City region hydrogen buses move a step closer

As part Metro Mayor Steve Rotheram’s plans for the Liverpool city region become net zero carbon, the Combined Authority has picked ADL to build a fleet of hydrogen buses. Tony McDonough reports

Image of one of Liverpool city region’s new Hydrogen buses


Well known bus manufacturer Alexander Dennis (ADL) has secured the contract to build Liverpool city region’s new flee of hydrogen-powered buses.

Metro Mayor Steve Rotheram says the vehicles will be purchased through the Liverpool city region’s Transforming Cities Fund. Like the new £500m train fleet for the Merseyrail network, the buses will be owned by the people of the city region.

They will be part of a new generation of hydrogen vehicles from ADL. The buses are designed to be more energy efficient to cover greater distances between refuelling. And they will carry a range of special features for passengers including wireless phone charging and internet access.

The vehicles will also have improved accessibility – with increased capacity for wheelchair users, and audio and visual announcements for next stops. It is planned they will initially serve the region’s busiest route – the 10A between St Helens and Liverpool city centre, jointly operated by Arriva and Stagecoach.

Subject to final agreement of project plan the first vehicles could be delivered as soon as 2022. The hydrogen bus project is a key part of the Metro Mayor’s Vision for Bus, which commits to build a better, more reliable and affordable bus network for the city region. Broader plans also include the building of hydrogen refuelling facilities, which will be the first of their kind in the North West, due to begin later in the year.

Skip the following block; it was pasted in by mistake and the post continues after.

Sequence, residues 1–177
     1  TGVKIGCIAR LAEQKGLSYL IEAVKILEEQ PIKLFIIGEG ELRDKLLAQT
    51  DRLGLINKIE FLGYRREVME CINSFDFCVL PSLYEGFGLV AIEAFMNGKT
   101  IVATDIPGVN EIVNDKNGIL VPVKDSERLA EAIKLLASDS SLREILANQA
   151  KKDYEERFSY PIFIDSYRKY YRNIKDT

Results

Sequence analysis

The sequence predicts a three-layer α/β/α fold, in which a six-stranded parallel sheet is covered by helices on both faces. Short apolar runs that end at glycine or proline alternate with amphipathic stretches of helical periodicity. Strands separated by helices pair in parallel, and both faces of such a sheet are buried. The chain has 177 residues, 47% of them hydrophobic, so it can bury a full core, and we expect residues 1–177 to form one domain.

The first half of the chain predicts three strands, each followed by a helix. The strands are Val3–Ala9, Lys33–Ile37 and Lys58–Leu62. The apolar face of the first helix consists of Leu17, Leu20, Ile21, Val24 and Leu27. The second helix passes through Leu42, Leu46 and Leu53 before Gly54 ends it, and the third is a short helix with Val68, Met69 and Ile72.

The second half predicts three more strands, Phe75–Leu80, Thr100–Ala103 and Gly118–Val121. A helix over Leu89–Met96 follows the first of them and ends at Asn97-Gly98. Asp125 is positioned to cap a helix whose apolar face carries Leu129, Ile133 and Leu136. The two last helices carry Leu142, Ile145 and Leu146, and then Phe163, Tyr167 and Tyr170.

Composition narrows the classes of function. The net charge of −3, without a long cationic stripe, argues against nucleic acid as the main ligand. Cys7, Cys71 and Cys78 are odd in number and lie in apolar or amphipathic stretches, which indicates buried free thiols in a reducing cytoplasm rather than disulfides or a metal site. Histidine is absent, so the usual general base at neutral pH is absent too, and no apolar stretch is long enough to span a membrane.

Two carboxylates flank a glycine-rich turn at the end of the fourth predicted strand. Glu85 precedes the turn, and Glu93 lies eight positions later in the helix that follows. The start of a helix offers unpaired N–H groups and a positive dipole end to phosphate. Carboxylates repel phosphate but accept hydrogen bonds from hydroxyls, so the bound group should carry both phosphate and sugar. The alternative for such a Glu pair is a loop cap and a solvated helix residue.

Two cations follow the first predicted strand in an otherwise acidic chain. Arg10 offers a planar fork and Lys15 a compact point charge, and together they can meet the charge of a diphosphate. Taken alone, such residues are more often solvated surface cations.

Mr Rotheram has set a target for the Liverpool city region to become net zero carbon by 2040 at the latest – at least a decade before national targets. The hydrogen buses will be an important addition to the region’s existing fleet, which is already more than 70% low emissions.

It comes just days after the Metro Mayor fired up the world’s first trial to produce glass using hydrogen instead of natural gas. The project is taking place at the Pilkington factory in St Helens.

He said: “82% of all journeys on public transport in our region are taken by bus and this new fleet will give people a clean, green and comfortable way to get about. Reforming our bus network is a massive part of my plan for an integrated London-style transport network that makes traveling around our region quick, cheap and reliable.

“We want to be doing our bit to tackle climate change and improve air quality across the region too. These buses will be a really important part of making that happen.

“Alongside the hydrogen refuelling facilities we’re building in St Helens and some of the other exciting green projects we’re investing in, our region is leading the Green Industrial Revolution.”

ADL president and managing director Paul Davies said: “Designed and built in Britain, these buses will help to secure skilled jobs and apprenticeships across the bus manufacturing industry which is hugely important as we continue the decarbonisation journey.”

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